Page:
Valid for Submission
A54.21 is a billable diagnosis code used to specify a medical diagnosis of gonococcal infection of kidney and ureter. The code A54.21 is valid during the fiscal year 2021 from October 01, 2020 through September 30, 2021 for the submission of HIPAA-covered transactions.
The ICD-10-CM code A54.21 might also be used to specify conditions or terms like gonorrhea of kidney and ureter.
Index to Diseases and Injuries
The Index to Diseases and Injuries is an alphabetical listing of medical terms, with each term mapped to one or more ICD-10 code(s). The following references for the code A54.21 are found in the index:
- - Nephritis, nephritic (albuminuric) (azotemic) (congenital) (disseminated) (epithelial) (familial) (focal) (granulomatous) (hemorrhagic) (infantile) (nonsuppurative, excretory) (uremic) - N05.9
- - gonococcal (acute) (chronic) - A54.21
The following clinical terms are approximate synonyms or lay terms that might be used to identify the correct diagnosis code:
- Gonorrhea of kidney and ureter
Diagnostic Related Groups - MS-DRG Mapping
Convert A54.21 to ICD-9 Code
The General Equivalency Mapping (GEM) crosswalk indicates an approximate mapping between the ICD-10 code A54.21 its ICD-9 equivalent. The approximate mapping means there is not an exact match between the ICD-10 code and the ICD-9 code and the mapped code is not a precise representation of the original code.
Information for Patients
Also called: The clap
Gonorrhea is a sexually transmitted disease. It is most common in young adults. The bacteria that cause gonorrhea can infect the genital tract, mouth, or anus. You can get gonorrhea during vaginal, oral, or anal sex with an infected partner. A pregnant woman can pass it to her baby during childbirth.
Gonorrhea does not always cause symptoms. In men, gonorrhea can cause pain when urinating and discharge from the penis. If untreated, it can cause problems with the prostate and testicles.
In women, the early symptoms of gonorrhea often are mild. Later, it can cause bleeding between periods, pain when urinating, and increased discharge from the vagina. If untreated, it can lead to pelvic inflammatory disease, which causes problems with pregnancy and infertility.
Your health care provider will diagnose gonorrhea with lab tests. Treatment is with antibiotics. Treating gonorrhea is becoming more difficult because drug-resistant strains are increasing. Correct usage of latex condoms greatly reduces, but does not eliminate, the risk of catching or spreading gonorrhea. The most reliable way to avoid infection is to not have anal, vaginal, or oral sex.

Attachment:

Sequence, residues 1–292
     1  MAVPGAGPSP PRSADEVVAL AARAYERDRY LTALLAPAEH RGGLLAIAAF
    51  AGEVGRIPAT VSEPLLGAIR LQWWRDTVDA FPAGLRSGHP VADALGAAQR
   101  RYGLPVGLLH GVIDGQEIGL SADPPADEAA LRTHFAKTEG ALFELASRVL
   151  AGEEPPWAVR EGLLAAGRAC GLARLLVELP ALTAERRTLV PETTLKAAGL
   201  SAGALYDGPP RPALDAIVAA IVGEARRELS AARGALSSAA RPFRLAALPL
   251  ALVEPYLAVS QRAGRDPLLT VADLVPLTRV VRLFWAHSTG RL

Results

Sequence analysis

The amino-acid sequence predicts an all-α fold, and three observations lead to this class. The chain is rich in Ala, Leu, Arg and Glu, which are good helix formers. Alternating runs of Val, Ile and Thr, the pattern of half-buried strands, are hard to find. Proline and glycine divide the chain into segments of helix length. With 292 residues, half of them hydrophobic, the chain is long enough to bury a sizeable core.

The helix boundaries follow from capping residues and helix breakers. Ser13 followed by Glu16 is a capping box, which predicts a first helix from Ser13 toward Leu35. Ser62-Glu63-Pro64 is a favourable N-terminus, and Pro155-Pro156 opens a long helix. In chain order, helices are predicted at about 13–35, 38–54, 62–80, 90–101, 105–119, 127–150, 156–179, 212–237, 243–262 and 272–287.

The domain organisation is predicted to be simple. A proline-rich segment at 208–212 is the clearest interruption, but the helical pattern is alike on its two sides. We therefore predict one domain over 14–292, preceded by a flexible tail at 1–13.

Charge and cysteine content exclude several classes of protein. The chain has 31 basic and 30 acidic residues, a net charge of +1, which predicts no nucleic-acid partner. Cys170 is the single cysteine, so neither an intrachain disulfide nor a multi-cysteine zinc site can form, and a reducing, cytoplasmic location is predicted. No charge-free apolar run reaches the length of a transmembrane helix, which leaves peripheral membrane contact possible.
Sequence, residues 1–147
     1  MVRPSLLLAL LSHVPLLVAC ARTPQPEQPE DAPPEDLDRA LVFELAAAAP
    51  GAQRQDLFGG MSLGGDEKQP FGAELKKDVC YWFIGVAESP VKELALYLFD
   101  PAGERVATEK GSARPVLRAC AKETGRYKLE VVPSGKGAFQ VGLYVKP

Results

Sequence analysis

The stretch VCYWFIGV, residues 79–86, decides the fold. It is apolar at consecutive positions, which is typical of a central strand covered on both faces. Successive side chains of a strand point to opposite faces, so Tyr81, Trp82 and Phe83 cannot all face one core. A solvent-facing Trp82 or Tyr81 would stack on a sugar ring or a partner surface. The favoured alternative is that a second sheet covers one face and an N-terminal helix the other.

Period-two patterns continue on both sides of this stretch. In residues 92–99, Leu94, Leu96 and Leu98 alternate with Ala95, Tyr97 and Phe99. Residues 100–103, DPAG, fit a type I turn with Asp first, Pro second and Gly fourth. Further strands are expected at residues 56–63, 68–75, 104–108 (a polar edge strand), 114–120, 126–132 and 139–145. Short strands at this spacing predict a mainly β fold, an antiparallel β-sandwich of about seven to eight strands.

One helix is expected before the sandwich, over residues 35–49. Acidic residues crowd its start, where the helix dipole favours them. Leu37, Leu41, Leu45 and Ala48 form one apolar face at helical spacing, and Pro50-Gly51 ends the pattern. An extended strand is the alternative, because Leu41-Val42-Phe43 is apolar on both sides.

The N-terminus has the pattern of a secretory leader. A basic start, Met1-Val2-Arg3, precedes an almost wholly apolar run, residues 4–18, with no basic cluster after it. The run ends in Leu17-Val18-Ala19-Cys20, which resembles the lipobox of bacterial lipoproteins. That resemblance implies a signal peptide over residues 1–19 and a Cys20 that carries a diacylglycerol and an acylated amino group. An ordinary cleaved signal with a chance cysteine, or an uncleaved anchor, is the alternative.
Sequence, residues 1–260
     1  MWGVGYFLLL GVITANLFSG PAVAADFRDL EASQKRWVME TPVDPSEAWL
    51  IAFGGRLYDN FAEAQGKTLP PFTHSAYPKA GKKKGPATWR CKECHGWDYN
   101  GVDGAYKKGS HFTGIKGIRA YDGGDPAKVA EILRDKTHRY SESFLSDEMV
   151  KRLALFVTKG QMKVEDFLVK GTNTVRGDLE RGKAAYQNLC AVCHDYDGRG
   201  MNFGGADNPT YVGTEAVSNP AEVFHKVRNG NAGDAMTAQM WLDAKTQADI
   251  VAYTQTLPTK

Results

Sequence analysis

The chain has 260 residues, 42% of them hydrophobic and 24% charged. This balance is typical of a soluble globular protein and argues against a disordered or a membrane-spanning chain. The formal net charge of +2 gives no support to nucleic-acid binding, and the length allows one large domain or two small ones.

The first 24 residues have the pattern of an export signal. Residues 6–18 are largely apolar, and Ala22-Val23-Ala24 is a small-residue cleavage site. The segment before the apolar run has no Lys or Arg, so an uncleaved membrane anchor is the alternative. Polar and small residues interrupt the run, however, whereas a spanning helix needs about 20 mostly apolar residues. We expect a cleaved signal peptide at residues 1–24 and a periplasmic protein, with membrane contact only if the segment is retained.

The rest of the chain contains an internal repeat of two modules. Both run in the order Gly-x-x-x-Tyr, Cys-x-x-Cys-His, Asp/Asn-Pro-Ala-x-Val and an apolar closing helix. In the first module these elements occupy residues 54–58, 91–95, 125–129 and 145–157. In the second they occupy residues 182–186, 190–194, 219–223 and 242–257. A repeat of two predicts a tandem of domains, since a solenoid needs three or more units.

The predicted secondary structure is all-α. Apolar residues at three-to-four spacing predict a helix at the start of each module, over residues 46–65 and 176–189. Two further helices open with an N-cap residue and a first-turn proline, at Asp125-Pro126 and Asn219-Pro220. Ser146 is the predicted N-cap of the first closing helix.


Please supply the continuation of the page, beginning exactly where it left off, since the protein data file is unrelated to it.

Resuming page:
Centers for Disease Control and Prevention
- Condom Fact Sheet in Brief (Centers for Disease Control and Prevention)
- Endocervical gram stain (Medical Encyclopedia)
- Gonococcal arthritis (Medical Encyclopedia)
- Gonorrhea (Medical Encyclopedia)
- Rectal culture (Medical Encyclopedia)
- Urethral discharge culture (Medical Encyclopedia)
Urinary Tract Infections
Also called: UTI
The urinary system is the body's drainage system for removing wastes and extra water. It includes two kidneys, two ureters, a bladder, and a urethra. Urinary tract infections (UTIs) are the second most common type of infection in the body.
You may have a UTI if you notice
- Pain or burning when you urinate
- Fever, tiredness, or shakiness
- An urge to urinate often
- Pressure in your lower belly
- Urine that smells bad or looks cloudy or reddish
- Pain in your back or side below the ribs
People of any age or sex can get UTIs. But about four times as many women get UTIs as men. You're also at higher risk if you have diabetes, need a tube to drain your bladder, or have a spinal cord injury.
If you think you have a UTI it is important to see your doctor. Your doctor can tell if you have a UTI with a urine test. Treatment is with antibiotics.
NIH: National Institute of Diabetes and Digestive and Kidney Diseases
- Asymptomatic bacteriuria (Medical Encyclopedia)
- Catheter-associated UTI (Medical Encyclopedia)
- Cystitis - acute (Medical Encyclopedia)
- Leukocyte esterase urine test (Medical Encyclopedia)
- Urinary tract infection - adults (Medical Encyclopedia)
- Urinary tract infection - children (Medical Encyclopedia)
- Urine - bloody (Medical Encyclopedia)
- Urine culture (Medical Encyclopedia)